What Is The Cause Of Climate Change?

The total amount of solar radiation changes very little. The energy emitted by the sun changes by only 1.3 W/m

. This change in solar radiation is related to the number of sunspots. Sunspots are dark areas on the surface of the Sun. A sunspot forms where an intense magnetic field weakens the flow of gas that carries thermal energy from the Sun’s interior. Sunspots appear darker because their temperature is lower than their surroundings.

About every 11 years, the number of sunspots changes from maximum to minimum. The Sun emits slightly more radiation during active sunspot periods. Because sunspots suppress heat, the heat flows to the surrounding areas, causing those areas to be brighter than normal and to radiate more heat. While more sunspots may contribute to a warmer global climate, fewer sunspots appear to be associated with a cooler global climate. About 300 years ago there was a period of low solar activity. This was called the Little Ice Age.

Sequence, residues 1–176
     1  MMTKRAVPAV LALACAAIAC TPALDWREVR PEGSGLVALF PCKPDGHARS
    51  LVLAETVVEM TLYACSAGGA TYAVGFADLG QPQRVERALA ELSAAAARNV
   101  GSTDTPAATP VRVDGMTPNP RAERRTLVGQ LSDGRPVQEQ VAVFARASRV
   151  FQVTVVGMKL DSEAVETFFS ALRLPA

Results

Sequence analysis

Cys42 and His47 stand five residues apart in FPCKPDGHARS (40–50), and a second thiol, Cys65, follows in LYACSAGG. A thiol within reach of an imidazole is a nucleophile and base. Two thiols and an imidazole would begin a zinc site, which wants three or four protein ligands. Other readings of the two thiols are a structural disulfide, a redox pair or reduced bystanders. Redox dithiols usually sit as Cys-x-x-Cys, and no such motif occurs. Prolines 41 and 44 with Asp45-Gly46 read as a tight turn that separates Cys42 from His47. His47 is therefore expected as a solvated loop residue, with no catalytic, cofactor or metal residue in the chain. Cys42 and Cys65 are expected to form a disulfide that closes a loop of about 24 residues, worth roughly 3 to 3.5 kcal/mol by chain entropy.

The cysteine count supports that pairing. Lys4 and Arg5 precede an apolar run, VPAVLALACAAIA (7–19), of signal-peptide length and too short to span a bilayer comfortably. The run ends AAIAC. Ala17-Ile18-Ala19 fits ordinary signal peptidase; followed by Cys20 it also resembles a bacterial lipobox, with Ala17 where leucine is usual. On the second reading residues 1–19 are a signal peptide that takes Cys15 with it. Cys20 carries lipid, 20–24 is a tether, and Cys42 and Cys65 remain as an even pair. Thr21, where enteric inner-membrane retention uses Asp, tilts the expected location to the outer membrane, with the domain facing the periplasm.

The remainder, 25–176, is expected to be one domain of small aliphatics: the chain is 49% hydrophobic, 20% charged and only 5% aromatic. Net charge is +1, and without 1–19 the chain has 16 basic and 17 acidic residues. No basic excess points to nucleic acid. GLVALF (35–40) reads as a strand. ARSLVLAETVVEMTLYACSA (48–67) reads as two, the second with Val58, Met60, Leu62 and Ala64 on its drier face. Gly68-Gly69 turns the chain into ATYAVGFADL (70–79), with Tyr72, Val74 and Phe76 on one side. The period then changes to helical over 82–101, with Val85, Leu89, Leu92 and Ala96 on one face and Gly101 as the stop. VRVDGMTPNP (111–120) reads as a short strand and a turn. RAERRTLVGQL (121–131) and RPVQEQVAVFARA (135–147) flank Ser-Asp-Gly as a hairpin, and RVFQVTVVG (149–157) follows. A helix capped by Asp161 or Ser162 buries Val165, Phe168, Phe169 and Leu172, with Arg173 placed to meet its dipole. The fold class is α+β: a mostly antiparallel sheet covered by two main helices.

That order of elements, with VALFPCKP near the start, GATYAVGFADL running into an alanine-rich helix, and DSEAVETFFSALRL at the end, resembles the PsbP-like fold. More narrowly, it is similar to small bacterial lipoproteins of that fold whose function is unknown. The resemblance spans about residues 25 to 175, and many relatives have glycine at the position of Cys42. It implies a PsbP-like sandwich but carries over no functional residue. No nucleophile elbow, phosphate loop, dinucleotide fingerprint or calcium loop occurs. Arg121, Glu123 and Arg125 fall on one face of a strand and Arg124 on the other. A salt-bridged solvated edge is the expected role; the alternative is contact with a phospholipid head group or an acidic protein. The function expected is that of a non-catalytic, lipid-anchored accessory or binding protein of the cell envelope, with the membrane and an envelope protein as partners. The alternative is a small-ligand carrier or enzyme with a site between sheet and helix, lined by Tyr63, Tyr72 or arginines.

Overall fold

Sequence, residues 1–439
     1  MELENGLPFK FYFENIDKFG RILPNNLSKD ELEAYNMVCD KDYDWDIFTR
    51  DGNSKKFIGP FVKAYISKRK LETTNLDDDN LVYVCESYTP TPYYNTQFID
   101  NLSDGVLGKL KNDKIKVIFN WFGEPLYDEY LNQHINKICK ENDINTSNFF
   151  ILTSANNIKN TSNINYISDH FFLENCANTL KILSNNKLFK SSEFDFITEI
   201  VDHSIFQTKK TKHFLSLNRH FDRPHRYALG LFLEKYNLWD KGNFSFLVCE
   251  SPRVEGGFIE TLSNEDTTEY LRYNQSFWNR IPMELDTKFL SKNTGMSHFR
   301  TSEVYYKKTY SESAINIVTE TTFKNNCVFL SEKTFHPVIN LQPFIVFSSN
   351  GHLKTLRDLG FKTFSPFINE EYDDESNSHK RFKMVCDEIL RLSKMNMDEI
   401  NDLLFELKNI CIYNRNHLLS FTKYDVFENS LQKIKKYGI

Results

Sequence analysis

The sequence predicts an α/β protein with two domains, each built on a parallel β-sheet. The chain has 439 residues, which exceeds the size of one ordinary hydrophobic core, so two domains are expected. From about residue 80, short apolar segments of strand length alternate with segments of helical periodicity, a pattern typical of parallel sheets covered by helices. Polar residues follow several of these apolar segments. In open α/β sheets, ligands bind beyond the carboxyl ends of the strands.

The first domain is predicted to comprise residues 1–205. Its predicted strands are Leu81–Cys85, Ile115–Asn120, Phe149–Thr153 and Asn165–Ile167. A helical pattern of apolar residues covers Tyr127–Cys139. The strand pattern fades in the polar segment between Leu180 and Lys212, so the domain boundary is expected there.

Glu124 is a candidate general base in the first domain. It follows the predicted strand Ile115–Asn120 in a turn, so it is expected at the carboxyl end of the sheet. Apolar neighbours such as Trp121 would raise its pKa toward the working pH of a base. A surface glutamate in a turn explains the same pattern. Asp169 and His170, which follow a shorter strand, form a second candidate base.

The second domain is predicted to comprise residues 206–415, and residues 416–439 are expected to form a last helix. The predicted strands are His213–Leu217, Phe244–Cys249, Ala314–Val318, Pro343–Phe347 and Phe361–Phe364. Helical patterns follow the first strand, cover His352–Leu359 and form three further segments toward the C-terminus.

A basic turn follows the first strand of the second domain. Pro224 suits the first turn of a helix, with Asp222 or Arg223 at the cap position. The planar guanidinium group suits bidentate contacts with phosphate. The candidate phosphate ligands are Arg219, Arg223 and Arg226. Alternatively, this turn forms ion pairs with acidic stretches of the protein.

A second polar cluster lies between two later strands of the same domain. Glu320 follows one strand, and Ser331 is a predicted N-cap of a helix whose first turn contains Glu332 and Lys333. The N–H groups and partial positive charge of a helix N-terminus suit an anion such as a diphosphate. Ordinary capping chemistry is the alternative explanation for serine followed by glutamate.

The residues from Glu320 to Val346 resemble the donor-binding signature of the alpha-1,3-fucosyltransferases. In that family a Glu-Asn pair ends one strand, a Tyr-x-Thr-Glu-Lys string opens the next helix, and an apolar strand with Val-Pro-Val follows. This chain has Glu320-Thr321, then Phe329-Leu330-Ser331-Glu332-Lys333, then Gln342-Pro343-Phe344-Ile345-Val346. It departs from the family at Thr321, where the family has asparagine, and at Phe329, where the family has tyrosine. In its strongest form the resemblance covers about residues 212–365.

As tectonic plates move over geologic time scales, landmasses are moved to different positions and latitudes. These changes affect the global patterns of air and ocean water flow and the climate of the continents. One form of evidence for plate tectonics and an example of how plate tectonics affects climate is the location of coal mines. Coal mines originated millions of years ago in the tropics, but today they are found in high latitudes. In the Temperature Over Time module, you learned that the Northern Hemisphere has been warmer than the Southern Hemisphere since the Industrial Revolution. This is because the Northern Hemisphere has a large percentage of the Earth’s surface